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Petroleum consumption and economic growth relationship: evidence from the Indian states

Seema Narayan (), Thai-Ha Le (), Badri Rath () and Nadia Doytch ()

Asia-Pacific Sustainable Development Journal, 2019, vol. 26, issue 1, 21-65

Abstract: This paper reveals that over the period 1985-2013, the wealthier states of India experienced a prevalence of the feedback hypothesis between real gross domestic product growth and petroleum consumption in the short run and the long run. Over the short term, the whole (major) 23 Indian state panels show support for the conservative hypothesis. Regarding the panels comprising low- and middle-income Indian states, although there appeared to be significant bidirectional effects in the long run, none of the results suggest that energy consumption increases economic growth. This implies that growth in energy demand can be controlled without harming economic growth. The results, however, indicate that for the low- and middle-income states, increases in petroleum consumption could adversely affect economic activity in the short and long run. These findings relate to the aggregate data on petroleum. Examining the short-run and long-run energy-growth linkages using disaggregated data on petroleum consumption reveals that only a few types of petroleum products have stable long-run relationships with economic growth. In fact, with disaggregated petroleum data, the vector error correction model (VECM) and cointegration results support the neutral hypothesis for high-incomes states. For the low- and middle-income groups, while the conservation effect is found to prevail in the short run and the long run, higher economic growth appears to reduce consumption of selected types of petroleum products.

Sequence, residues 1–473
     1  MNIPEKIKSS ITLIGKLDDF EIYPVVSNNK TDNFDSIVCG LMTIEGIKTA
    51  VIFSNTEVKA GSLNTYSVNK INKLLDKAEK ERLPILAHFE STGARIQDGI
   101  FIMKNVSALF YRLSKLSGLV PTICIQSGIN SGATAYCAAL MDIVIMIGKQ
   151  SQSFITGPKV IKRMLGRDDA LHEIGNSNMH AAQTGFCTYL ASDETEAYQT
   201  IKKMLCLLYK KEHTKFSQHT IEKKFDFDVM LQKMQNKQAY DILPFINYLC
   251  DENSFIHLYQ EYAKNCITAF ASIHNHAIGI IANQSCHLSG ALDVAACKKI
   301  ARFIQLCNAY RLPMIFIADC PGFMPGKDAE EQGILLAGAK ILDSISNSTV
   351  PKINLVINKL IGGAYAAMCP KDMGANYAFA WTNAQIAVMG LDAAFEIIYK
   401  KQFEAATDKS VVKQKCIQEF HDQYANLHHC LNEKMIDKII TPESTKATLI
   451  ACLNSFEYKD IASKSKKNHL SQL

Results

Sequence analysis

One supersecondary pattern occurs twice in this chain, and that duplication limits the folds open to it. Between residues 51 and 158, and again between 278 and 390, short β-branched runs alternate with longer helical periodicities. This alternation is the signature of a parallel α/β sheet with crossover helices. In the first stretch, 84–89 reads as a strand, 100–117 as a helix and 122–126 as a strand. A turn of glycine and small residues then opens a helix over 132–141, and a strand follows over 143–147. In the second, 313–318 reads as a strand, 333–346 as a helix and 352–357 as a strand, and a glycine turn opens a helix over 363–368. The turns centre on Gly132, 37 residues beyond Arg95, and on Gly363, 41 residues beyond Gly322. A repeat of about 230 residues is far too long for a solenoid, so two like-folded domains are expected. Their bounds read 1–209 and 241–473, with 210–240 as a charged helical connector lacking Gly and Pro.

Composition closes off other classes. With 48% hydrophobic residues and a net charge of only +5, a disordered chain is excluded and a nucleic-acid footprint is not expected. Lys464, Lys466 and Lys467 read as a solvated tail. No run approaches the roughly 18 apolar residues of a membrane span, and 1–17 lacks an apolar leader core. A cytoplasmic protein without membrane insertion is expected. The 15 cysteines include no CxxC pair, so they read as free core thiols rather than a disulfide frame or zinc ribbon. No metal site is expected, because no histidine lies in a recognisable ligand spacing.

Keywords: petroleum consumption; economic growth; feasible generalized least squares (FGLS); cross-sectional dependence; Indian states (search for similar items in EconPapers)
JEL-codes: C33 O13 Q43 (search for similar items in EconPapers)
Date: 2019
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